June 19 (Bloomberg) -- Dave Jennings, an All-Pro punter who spent his entire National Football League career playing for the two New York teams before turning to broadcasting, has died at the age of 61.
Jennings, who had the chronic degenerative neurological disorder Parkinson’s disease since 1996, died this morning at his home in Upper Saddle River, New Jersey, the Giants said in a news release. The specific cause of death wasn’t disclosed.
“Dave Jennings was one of the all-time great Giants,” John Mara, the team’s president, said in a statement. “He was a valued member of the Giants family for more than 30 years as a player and a broadcaster, and we were thrilled to include him in our Ring of Honor. More importantly, he was an outstanding person who battled his illness with rare courage and dignity. We will miss him dearly.”
David Tuthill Jennings was born on June 8, 1952, in New York City. After not playing football at Garden City High School on Long Island, Jennings attended St. Lawrence University, earning two letters in basketball and walking onto the football team as a punter. He became a three-time All-Conference selection and earned a bachelor’s degree in economics.
Jennings played from 1974 to 1984 for the Giants. He led the league with a 44.8 yards per punt average in 1980 and was named an All-Pro in 1979 and 1980. He holds the franchise record for punting yards with 38,792, and with 951 punts, 405 more than runner-up Sean Landeta.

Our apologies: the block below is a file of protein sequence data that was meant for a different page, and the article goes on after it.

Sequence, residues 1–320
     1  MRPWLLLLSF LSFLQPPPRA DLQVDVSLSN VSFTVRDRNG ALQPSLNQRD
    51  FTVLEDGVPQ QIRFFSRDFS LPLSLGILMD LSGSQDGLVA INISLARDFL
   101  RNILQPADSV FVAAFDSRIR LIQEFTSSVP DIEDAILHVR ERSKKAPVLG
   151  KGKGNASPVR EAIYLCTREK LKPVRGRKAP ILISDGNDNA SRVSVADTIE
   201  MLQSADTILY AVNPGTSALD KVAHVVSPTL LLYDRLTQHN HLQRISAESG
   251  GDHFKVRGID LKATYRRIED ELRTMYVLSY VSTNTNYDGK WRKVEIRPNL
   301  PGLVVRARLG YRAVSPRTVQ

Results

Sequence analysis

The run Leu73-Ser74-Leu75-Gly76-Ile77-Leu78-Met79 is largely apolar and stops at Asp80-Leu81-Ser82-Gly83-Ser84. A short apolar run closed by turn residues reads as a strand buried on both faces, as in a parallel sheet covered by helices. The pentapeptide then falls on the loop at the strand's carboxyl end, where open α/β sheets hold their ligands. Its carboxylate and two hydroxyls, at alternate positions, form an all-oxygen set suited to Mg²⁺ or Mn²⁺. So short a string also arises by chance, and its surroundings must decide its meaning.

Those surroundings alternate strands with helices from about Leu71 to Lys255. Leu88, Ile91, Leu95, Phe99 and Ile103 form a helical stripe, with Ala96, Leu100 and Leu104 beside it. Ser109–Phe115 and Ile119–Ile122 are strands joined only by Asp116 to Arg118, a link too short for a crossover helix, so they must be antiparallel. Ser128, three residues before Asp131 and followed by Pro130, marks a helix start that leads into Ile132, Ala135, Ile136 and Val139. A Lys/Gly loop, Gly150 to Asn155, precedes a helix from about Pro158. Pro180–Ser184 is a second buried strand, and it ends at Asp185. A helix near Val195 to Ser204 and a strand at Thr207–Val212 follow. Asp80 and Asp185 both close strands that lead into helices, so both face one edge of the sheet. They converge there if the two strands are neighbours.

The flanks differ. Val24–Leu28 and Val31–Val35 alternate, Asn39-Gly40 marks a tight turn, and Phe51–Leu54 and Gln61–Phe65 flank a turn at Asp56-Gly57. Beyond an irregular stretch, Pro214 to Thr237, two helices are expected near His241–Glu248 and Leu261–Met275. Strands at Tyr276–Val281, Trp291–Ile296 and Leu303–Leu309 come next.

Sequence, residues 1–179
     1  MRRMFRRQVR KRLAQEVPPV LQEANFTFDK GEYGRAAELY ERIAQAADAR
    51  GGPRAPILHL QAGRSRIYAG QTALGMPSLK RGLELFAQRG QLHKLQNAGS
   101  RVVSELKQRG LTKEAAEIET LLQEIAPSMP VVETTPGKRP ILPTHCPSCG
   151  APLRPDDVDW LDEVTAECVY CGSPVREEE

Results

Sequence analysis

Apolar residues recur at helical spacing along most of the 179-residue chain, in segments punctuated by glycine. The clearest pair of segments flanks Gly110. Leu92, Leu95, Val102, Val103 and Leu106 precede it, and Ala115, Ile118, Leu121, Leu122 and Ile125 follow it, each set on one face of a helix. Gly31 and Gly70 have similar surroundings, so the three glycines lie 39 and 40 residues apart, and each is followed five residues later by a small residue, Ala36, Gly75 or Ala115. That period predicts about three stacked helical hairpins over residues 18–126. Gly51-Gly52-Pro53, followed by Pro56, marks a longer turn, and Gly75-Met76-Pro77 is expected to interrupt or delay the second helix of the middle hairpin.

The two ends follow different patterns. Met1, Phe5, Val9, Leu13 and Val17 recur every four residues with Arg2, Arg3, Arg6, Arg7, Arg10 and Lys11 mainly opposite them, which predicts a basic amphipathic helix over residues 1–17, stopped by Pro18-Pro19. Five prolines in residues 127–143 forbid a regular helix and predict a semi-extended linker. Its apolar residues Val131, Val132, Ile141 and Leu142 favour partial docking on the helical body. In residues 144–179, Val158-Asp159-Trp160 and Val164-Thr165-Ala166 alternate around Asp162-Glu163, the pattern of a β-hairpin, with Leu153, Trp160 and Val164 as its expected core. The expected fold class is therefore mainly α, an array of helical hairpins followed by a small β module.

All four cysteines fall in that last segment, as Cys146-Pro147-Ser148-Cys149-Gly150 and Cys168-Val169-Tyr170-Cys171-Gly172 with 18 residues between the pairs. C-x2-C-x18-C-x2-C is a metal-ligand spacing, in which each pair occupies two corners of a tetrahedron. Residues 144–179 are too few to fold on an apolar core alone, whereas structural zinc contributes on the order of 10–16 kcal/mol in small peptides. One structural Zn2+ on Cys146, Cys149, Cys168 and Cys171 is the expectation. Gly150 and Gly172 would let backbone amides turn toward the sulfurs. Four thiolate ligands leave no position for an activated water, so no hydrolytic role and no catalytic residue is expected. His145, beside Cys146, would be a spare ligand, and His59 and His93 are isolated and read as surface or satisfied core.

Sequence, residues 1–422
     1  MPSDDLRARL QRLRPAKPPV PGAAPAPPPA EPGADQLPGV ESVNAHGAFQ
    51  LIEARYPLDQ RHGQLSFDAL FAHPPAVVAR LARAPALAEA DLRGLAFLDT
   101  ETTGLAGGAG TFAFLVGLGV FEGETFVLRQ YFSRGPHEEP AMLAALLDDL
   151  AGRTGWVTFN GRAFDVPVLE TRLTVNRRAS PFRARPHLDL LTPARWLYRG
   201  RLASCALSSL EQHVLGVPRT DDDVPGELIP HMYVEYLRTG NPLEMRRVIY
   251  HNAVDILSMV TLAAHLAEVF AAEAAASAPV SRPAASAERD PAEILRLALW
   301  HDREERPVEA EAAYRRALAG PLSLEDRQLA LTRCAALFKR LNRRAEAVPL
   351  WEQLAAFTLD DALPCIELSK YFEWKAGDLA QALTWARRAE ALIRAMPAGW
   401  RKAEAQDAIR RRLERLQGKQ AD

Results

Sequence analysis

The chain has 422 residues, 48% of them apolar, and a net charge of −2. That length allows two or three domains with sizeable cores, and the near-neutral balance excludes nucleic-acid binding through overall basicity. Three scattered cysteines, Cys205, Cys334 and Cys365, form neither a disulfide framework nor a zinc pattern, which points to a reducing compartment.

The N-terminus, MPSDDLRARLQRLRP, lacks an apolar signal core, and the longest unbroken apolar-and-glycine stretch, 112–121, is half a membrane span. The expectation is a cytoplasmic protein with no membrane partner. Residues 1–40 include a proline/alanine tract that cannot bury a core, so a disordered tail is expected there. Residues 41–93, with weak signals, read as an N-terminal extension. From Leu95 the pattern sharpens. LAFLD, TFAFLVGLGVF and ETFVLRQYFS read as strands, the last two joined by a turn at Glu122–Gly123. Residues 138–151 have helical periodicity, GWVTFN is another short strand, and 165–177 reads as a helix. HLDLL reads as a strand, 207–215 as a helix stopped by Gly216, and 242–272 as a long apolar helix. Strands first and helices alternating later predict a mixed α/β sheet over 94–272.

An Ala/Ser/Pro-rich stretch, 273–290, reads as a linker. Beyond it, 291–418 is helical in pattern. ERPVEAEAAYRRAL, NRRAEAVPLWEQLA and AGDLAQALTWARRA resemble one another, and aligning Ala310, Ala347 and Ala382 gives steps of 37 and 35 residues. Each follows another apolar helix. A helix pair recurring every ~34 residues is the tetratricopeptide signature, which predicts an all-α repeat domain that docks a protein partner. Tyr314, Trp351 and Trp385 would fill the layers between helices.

“Dave could have participated in different sports, but he had punting down to a science,” Harry Carson, the Hall of Fame linebacker who was Jennings’s teammate, said in a statement.
“He could position the ball where he wanted it to go. He had a terrific sense of placement. He took his job very seriously, and he made it his own little science to punt the ball where it needed to be.”
Jennings played for the New York Jets from 1985 to 1987 and worked as a radio commentator for the team from 1988 to 2001. He joined the Giants’ radio booth in 2002 and was replaced after the 2007 season.
Jennings is survived by his sister, Susan Jennings, and her husband, Harley. Funeral plans weren’t disclosed. The family has asked that contributions in his memory be made to the Michael J. Fox Foundation.
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